It’s certainly not where I live. I’m in meetings all day long. When I’m not in meetings I get interrupted every 5 minutes by people who were waiting to get my time – because I was in all those #$%^& meetings. My experience is not one of flow. I never get the time to focus. I seem to be progressively working myself into a raging case of attention deficit disorder.

Watching this guy I started to get an intuitive feeling for what that mysterious “Craftsmanship” thing might be all about. I wasn’t about to micro manage this guy. I guess I could have stepped in and told him to spend less time on prep. You know, “We don’t need any of that puttying and sanding! Just powerwash it and start laying down some paint! That’s what I’m paying you for! Not for farting around with putty and taping every last corner exactly right.”

To go that route would have been crazy.

No, what I was seeing here was some sort of relationship between craftsmanship and flow. This was a guy who was uncompromising in his drive to excellence. He painted our front door, then let us know that he’d probably over done it. It was Friday afternoon. Sure enough, as the paint dried there were drips and runs. So what does he do? He shows up at 7 AM on Saturday morning and proceeds to sand down the entire door by hand. Then he repaints it all again – perfect this time. We didn’t ask him to. He told us that’s what he needed to do. I was happy to pay for that kind of quality. It was amazing.

So the $64,000 question is, what would that kind of craftsmanship look like in software? Pick a role, any role: Developer or QA? Scrum Master, Product Owner, Project Manager, or just plain old Manager.

I used to work with a developer who delivered absolutely amazing work. You would sit down and discuss the requirements with him and then he would look at you and say, “Give me a couple of days to do some research and then I’ll start writing some code.” And that’s exactly what he would do – he’d spend all day for 3-4 days just reading books and researching the topic and examples of the code he had been asked to write. Think of it as the prep work – understanding the problem, looking for issues, asking questions, researching other approaches. It’s really not a whole lot different from prepping the house for paint. Power washing the walls, sanding, patching, taping and generally preparing for the work to come. Setting things up to go smoothly.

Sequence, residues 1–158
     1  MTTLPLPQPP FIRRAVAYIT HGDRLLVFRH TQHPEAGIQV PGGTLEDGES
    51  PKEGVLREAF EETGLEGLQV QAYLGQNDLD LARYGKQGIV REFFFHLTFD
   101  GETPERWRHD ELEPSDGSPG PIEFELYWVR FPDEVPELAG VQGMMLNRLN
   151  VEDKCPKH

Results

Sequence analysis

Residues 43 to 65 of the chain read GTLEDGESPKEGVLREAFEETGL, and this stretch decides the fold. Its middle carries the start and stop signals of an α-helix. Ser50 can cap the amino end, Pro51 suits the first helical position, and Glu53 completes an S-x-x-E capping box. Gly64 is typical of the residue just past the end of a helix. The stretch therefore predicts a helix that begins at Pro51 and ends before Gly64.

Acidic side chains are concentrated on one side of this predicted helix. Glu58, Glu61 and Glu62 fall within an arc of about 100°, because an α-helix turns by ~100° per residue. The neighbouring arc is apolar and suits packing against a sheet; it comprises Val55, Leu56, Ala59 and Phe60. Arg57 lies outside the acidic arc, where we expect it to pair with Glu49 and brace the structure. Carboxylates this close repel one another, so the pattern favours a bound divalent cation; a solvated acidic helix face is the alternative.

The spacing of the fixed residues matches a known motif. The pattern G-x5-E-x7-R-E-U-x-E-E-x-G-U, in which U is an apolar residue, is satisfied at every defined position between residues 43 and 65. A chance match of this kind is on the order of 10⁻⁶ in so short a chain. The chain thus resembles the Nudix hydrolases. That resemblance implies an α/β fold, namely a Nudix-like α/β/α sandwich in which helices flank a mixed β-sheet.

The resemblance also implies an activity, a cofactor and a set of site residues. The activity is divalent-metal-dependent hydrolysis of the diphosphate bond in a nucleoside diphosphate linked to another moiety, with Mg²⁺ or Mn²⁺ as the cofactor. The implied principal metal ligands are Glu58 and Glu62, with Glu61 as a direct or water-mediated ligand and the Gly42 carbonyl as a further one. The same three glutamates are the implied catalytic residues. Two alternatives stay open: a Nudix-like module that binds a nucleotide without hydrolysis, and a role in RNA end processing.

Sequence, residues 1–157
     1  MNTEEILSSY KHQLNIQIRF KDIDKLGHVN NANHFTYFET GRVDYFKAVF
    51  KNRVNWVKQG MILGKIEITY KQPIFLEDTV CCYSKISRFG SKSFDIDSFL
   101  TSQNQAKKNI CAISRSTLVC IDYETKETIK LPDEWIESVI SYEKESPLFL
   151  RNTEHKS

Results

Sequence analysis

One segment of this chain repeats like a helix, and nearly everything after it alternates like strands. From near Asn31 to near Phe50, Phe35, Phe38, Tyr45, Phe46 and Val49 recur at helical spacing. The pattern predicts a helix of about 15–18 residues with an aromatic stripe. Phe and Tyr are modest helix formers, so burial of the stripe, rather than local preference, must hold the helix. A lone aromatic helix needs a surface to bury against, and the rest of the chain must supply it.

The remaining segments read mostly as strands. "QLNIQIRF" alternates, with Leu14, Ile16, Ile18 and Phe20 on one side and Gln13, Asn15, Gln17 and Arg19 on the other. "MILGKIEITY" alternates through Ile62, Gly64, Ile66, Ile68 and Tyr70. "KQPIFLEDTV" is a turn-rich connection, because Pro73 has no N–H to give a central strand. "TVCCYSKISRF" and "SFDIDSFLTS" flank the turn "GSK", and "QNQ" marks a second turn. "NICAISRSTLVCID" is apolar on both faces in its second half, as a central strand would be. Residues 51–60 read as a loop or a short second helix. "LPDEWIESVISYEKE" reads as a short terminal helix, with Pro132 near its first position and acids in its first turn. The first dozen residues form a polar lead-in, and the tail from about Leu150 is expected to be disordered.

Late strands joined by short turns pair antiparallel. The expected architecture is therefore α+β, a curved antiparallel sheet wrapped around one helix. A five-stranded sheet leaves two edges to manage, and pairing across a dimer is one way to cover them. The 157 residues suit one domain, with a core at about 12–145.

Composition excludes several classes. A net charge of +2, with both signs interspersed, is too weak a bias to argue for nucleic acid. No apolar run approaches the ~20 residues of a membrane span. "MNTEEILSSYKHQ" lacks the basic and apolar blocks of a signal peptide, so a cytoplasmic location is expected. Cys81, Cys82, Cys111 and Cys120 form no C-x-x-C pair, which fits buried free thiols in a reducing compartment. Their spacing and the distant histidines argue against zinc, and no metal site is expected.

And once this developer finished his prep work he would write the code in record time, complete with unit tests! It was tight, concise, and easy to read. You could tell that he had taken the time to understand the problem deeply. Objects and methods were clearly named and made sense. The whole thing was elegant. And he delivered! Nobody messed with him. You don’t look at a guy like that and say, “Geez, I really need this fast, can you just hammer it out without doing any research.”

Well, to my undying shame, I actually did that. And I got the answer that I deserved,


Asking him to It was like asking him to not wash his hands after going to the bathroom. He had found a way of working that delivered quality that excited his customers. He wasn’t about to compromise that just because some project manager wanted it faster.

I worked with a scrum master who would spend hours preparing for a sprint planning meeting. His mantra was that you should spend twice as much time preparing for a meeting as you do actually attending the meeting. His meetings were meticulous. Often times he had done enough work with the stakeholders in advance that the entire meeting was really just a chance to recap the decisions already made and seek final sign off. To him, a successful meeting was the culmination of many hours of prep work. I think of this as the craft of facilitating a good meeting. Ask him to slap it together faster and he would look at you and ask, “Why bother wasting time on a meeting at all if you aren’t willing to do the legwork?”